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TAX TIP TUESDAY: Claiming Tax Relief on Mortgage Interest – Where Are We Now?

Our 5-minute read – Tax Tips – for UK doctors and dentists will help you save tax, get organised with your tax affairs and make sure you meet important deadlines with ease.

This article does not constitute advice. Professional advice should be taken prior to acting on any part of it.  Your home may be repossessed if you do not keep up repayments on your mortgage or any other debt secured on it. The Financial Conduct Authority does not regulate tax advice. 

Up until now, it’s been relatively simple for landlords to get tax relief for interest and financing costs. The system was highly beneficial because they were able to receive relief at a marginal tax rate. All landlords needed to do was deduct these expenses from their rental profit calculations.

Relief by reduction is slightly more involved, however. The interest (or during years of transition, the percentage of interest) is not a factor and all your relief comes in the form of a basic rate tax deduction instead.

The 2017/18 tax year brought about a few changes, including the process of acquiring tax relief.

Instead of getting relief in the form of a deduction, landlords will now have to get their relief as a basic rate tax deduction. Once the switch fully comes into effect, which will take about four years, landlords operating their property business unincorporated will get the basic rate tax deduction, no matter what tax rate the landlord currently pays.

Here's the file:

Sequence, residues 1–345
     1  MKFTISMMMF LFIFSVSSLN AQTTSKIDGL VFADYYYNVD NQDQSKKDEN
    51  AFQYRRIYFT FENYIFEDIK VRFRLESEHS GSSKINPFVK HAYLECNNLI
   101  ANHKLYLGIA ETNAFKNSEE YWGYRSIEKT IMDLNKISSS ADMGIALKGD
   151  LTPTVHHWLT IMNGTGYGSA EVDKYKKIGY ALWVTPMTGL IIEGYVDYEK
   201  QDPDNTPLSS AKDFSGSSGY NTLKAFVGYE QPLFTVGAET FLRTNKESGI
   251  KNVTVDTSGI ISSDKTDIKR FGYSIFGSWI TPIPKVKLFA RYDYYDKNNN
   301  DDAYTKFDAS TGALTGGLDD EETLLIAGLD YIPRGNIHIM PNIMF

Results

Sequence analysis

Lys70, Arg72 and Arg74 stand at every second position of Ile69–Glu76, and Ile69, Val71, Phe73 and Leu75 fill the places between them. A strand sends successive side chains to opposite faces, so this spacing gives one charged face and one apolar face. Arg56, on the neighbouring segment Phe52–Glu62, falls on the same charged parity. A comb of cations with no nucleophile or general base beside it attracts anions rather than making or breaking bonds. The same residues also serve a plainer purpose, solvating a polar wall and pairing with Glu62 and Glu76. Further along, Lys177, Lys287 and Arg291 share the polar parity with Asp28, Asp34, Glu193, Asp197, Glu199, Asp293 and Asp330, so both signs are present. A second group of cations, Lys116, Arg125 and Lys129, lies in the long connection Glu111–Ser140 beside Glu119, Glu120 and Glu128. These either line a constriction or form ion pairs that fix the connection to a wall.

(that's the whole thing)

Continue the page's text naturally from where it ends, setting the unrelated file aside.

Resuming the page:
The phase-in of the new approach will go as follows: each year relief for interest deduction will decrease while the relief provided as a basic rate deduction will increase – from 75%/25%, respectively – until eventually in 2020/21, when 100% is provided as a deduction.

Are there any other tax relief options?

There is a bit of a loophole to be explored when it comes to interest and finance costs. You are eligible for relief on the interest from a loan up to the value of the property that you take out, but the loan does not necessarily need to be for your rental property. You can also seek relief for any costs you incur during the loan process, assuming the interest also qualifies.

If the taxable profits come in and they are less than interest costs, they are able to get the reduction capped. It will be 20% of the lower of finance costs not already deducted, profits in the tax year, and income earned above the personal allowance.

It doesn’t matter which way you calculate your profits – accruals or cash basis – the new rules apply. If you are running an unincorporated property business with £150,000 or less in rental income and you meet all the other requirements, you should already be using the cash basis as your default calculation.

These changes, unfortunately, will only help to reduce your tax bill – tax repayments will become a thing of the past.  You can, however, roll over any interest costs to the next year. Essentially, this means that as the years progress you could be facing higher tax payments even if everything about your business remains the same.

Contact us

If you’re a landlord, be sure to keep up with all the news and updates surrounding this tax relief shift. If you have any questions about the impact the changes will make to your bottom line, get in touch with us today.

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